One of the reasons I am so good at figuring things out about my body is that I am very in tune with my body in a healthy way. Well, when I choose to be. I’ve had many years full of stress and hurry when I was not nearly as in tune as I would like to have been, which is why I’m fat. Anyway, I could give you many examples of how I am in tune with my body probably more than the average person, but this post is already long enough as it is.
The point is that I woke up in the middle of the night, very pleased to feel thermogenesis going on in my body. It is evidenced by a strong heat–one that’s different from regular digestion–it’s kind of a tingly burning heat. Well, it’s tough to explain, but it’s just different that’s all. I guess if you try my method, you’ll experience it, too. That tells me that what I’m doing (the intermittent fasting and the HIIT) is working. If you’re not familiar with the concept of dietary-induced thermogenesis, let me give you this quote from LiveStrong:
Diet-induced thermogenesis is the process by which energy is expended during digesting, absorbing and metabolizing the food you consume. Basically, thermogenesis is the number of calories burned when the body breaks down the food you eat. The main components contributing to diet-induced thermogenesis include the number of calories contained in the food you consume and the quality of the contents of those foods, according to a 2004 review study published by “Nutrition and Metabolism.”
Read more: http://www.livestrong.com/article/469048-define-dietary-induced-thermogenesis/#ixzz2TmIsDUXK
Anyway, I am very excited about it. It’s one of those little evidences that one is “on the right track” that keeps us motivated. Another good day today, even though I’m having pizza for dinner. No, not something I ordered in or bought from the frozen section in the store. Something home-made from organic ingredients. I make one pizza the size of my pizza stone, and my partner and I split it. That’s what I said, this is the UnDiet. I’m not telling you how to eat; I’m telling you how I eat.
Now, having said that, let me get to the crux of the headline. I have mentioned more than once my habit of having a smoothie most mornings with coconut and coconut oil. You might think, “Why all the coconut?” This is a little something I put together from many different articles. I have given you many references and links, but I have not documented all my sources. None of this is original. If there are things that I haven’t referenced that you would like to know more about, just Google it, or if you just can’t find it, feel free to email me and I will help you out.
7 Lies about Saturated Fats
- All saturated fat is bad for you.
To quote Dr. Mercola, “all saturated fats are not created equal,” “created” being the operative word. Manipulated saturated fats such as hydrogenated fats and oil, trans fats, are the culprit. Naturally occurring saturated oils are not harmful to the body.
- Coconut oil is saturated and is very harmful.
According to nutritioncentre.co.uk, “A lot of the studies that were done in the 1960′s where coconut oil was labeled as unhealthy were done on hydrogenated coconut oil and not the Virgin Coconut Oil that we recommend. Therefore these studies found hydrogenated coconut oil to be full of artery clogging saturated fats. Hydrogenated fats are now closely linked with heart disease. However Virgin Coconut Oil is rich in essential fatty acids, also known as your “good fats” which doctors and nutritionist[s] highly recommend. Virgin Coconut Oil is also cholesterol and trans-fat free.”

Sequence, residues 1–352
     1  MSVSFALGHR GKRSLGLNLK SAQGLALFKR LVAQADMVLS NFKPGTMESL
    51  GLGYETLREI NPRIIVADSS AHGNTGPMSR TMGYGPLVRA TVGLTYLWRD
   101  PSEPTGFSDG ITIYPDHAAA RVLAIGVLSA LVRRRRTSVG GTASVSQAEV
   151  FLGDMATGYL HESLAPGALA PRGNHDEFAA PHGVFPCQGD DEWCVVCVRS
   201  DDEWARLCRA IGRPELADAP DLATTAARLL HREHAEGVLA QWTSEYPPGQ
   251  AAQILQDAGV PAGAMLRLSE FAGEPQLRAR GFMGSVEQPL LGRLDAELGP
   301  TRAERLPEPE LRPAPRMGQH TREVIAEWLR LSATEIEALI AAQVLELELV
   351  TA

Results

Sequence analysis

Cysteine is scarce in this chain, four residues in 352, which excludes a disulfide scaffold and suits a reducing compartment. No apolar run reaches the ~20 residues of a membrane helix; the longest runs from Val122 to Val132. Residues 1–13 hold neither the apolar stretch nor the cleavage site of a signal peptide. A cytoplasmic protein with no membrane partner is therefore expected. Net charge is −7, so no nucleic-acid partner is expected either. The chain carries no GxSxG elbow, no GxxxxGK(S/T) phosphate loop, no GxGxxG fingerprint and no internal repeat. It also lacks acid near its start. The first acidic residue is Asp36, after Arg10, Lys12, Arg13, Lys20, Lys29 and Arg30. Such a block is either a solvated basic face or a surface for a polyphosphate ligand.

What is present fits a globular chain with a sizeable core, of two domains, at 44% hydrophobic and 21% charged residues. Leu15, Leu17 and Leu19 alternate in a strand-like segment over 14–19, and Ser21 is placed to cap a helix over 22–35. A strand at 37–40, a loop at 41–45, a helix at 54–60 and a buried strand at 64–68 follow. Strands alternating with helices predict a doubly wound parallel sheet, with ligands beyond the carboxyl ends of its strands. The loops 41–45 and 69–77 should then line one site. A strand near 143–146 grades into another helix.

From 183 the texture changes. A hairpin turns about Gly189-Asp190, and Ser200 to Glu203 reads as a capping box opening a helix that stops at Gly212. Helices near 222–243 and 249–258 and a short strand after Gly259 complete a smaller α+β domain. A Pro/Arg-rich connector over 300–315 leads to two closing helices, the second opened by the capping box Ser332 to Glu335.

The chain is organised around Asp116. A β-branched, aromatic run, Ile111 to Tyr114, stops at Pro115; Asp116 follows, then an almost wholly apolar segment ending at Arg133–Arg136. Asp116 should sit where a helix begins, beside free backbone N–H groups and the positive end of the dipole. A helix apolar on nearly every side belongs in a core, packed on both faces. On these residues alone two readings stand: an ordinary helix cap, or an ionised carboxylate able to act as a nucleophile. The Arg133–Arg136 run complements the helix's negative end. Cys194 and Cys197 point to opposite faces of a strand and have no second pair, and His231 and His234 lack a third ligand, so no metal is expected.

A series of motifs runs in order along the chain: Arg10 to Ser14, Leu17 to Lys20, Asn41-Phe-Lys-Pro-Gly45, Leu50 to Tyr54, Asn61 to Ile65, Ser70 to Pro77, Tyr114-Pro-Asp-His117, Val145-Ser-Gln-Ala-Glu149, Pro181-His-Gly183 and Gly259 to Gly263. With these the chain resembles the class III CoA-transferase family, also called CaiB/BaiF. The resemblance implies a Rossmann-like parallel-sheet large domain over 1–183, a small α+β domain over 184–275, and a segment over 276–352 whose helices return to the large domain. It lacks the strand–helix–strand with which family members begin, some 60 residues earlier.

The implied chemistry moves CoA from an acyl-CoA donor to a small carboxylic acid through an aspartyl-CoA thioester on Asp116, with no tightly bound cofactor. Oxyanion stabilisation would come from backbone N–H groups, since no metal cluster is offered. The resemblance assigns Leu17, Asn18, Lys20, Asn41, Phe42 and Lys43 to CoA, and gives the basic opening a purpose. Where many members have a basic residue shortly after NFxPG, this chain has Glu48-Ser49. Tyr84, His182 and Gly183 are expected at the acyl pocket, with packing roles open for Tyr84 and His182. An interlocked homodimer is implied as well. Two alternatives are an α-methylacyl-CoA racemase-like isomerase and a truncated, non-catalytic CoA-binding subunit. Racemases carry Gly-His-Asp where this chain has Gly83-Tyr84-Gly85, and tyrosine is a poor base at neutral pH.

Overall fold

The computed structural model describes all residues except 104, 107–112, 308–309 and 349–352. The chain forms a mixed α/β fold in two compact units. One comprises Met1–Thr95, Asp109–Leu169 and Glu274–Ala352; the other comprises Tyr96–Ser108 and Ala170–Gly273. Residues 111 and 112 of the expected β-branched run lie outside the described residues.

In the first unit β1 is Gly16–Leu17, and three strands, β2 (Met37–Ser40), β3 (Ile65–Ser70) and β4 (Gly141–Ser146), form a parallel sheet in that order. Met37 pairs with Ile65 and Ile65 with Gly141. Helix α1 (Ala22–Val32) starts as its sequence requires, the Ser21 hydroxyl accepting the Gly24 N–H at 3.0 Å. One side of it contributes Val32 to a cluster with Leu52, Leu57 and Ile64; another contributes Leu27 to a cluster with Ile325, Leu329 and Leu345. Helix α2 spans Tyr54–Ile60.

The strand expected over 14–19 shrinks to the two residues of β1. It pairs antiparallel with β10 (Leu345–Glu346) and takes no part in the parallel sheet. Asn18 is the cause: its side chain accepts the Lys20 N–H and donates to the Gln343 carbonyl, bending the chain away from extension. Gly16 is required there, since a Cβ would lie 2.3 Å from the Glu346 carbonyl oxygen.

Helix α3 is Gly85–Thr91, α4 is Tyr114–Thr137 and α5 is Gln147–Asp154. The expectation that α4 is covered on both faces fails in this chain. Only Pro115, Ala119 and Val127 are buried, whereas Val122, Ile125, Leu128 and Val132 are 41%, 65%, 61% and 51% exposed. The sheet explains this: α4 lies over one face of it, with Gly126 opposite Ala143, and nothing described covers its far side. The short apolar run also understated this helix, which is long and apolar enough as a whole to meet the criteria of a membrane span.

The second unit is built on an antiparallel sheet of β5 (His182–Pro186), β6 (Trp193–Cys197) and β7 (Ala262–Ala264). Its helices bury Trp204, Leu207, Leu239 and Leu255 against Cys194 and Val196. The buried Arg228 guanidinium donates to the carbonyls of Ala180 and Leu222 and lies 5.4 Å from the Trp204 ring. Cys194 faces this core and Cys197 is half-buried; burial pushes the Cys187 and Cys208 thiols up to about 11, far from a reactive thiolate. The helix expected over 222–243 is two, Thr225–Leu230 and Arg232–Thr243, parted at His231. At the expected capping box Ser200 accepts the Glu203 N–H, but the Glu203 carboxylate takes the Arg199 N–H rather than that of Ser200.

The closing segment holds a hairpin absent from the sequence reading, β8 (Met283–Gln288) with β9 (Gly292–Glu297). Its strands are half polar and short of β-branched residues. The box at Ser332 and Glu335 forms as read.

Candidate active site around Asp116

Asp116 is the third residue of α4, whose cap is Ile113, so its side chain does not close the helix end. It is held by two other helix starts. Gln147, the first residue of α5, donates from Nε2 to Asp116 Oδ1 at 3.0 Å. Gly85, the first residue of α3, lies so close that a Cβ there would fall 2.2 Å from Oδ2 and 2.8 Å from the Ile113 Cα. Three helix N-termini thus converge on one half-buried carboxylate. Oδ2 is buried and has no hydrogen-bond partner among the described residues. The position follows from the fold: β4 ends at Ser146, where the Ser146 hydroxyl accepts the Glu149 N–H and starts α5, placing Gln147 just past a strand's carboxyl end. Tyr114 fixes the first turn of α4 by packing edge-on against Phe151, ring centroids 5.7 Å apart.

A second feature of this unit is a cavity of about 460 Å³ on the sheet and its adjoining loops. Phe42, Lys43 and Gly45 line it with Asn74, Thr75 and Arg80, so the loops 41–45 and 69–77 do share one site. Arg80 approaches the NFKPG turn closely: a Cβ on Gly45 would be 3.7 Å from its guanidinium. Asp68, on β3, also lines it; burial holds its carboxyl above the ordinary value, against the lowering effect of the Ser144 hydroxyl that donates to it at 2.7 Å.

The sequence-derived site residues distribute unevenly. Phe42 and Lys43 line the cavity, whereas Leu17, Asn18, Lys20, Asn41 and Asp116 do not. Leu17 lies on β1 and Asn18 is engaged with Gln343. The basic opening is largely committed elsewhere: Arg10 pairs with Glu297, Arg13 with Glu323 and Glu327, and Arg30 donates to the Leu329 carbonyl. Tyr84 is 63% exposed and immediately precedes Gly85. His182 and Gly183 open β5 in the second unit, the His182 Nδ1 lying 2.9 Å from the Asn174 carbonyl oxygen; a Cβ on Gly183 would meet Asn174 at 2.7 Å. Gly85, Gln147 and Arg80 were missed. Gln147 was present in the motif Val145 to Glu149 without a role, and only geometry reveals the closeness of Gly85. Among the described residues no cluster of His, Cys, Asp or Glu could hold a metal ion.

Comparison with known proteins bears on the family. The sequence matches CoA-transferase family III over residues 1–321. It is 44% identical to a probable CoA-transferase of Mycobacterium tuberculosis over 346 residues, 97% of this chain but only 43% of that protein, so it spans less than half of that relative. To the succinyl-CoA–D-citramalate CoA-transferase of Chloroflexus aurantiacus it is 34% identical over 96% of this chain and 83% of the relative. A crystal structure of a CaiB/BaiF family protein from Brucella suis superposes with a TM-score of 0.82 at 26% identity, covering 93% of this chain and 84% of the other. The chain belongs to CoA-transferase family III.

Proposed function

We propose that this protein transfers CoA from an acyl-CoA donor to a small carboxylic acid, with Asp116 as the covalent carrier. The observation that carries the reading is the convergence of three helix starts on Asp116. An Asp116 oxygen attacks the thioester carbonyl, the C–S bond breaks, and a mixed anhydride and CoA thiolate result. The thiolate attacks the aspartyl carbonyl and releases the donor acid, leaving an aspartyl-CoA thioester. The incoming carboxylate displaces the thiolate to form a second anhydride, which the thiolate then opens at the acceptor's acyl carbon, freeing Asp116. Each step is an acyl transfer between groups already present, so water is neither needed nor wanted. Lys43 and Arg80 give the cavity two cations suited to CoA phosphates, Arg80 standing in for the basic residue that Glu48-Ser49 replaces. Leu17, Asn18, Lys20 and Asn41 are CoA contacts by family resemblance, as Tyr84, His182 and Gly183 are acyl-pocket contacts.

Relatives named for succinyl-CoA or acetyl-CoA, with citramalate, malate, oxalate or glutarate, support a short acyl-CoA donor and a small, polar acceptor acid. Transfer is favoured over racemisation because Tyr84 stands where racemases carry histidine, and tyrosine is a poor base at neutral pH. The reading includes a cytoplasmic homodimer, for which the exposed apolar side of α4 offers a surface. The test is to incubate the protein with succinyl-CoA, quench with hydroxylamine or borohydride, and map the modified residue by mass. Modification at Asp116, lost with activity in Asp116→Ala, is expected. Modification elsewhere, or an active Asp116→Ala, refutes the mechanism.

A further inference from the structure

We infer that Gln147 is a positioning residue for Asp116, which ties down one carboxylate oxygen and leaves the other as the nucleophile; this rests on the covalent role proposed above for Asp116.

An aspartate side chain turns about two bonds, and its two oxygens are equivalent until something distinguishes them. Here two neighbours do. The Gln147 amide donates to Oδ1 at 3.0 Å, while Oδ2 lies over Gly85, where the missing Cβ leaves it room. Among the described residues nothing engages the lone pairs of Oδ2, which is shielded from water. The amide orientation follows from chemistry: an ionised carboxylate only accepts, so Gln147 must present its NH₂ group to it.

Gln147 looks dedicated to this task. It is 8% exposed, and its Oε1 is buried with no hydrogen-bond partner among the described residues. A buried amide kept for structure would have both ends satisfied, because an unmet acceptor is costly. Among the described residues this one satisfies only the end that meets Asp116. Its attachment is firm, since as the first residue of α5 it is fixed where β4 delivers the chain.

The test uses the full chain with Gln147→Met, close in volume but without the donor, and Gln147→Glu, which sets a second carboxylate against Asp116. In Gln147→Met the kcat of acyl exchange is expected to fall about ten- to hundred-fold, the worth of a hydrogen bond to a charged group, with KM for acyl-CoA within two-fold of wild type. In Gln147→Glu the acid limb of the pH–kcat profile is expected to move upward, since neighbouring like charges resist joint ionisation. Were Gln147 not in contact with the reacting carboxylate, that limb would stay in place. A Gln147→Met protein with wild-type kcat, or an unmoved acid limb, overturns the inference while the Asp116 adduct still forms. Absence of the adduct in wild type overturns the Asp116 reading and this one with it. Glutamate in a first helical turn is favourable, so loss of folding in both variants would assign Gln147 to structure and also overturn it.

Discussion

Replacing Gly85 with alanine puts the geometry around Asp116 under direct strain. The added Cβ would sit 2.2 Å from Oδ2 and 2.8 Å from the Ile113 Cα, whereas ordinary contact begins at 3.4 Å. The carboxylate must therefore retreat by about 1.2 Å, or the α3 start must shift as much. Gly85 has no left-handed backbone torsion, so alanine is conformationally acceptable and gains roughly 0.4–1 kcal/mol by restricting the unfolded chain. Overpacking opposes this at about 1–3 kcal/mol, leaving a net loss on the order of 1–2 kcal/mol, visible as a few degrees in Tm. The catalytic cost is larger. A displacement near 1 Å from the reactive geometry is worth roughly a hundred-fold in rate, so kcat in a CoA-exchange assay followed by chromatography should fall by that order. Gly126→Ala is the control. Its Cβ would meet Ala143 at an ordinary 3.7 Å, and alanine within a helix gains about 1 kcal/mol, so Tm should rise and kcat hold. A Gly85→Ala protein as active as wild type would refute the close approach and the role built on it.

- Saturated fat makes you fat.
In the 1940′s farmers tried coconut oil to fatten their animals but discovered that it made them lean and active instead.
- Saturated fat clogs arteries.
- Saturated fat leads to high cholesterol.
- Saturated fat promotes heart disease.
I can deal with these three things together. The most recent research is that a diet high in red meat (and not because of its associated fat), sugar, processed foods, unsaturated fats and refined carbohydrates like white bread, is what is really responsible for bad cholesterol, and poor heart and artery health. (Dr. Mercola)
- All un-saturated fats are beneficial.
Along with what I cite below about artery clogging oils, even olive oil, which is one of the best out there should only be used in dressings — not to cook with. The cooking with unsaturated fats causes them to oxidize which is what produces the artery-clogging effects.
- Vegetable oils are always better than any saturated fat.
When researchers sampled the crusted, nasty arterial plaque exhibited by people with heart disease and arteriosclerosis, they were surprised to find that the majority of it was rancid vegetable oils.
I was going to distill information for you on the benefits of coconut oil, but, in looking for sources, I ran across this article, which is exactly what I would have said, so I’ll just link you to it instead. http://zentofitness.com/the-benefits-of-coconut-oil-water-flesh/
Then, if you are interested in an exhaustive list of the benefits of coconut and coconut oil, go here: http://www.coconutresearchcenter.org/
There are two natural sources of saturated vegetable fat: coconut oil, palm oil, and palm kernel oil, all of which have been hydrogenated (manipulated) and wrongly demonized over the past 50 years. But only one of them comes from a truly sustainable source, and that is coconut oil. Palm oils have become popular in gourmet cooking. It is strong-tasting oil with an acquired taste. The problem is that the methods being used to acquire the Palm oils, are ecologically unsound and therefore not sustainable.
I will discuss red meat and refined carbohydrates in another post. I think you’ll be surprised at what you learn.
Until tomorrow, “Keep on keepin’ on.” I am.
Photo courtesy of Suat Eman & FreeDigitalPhoto.com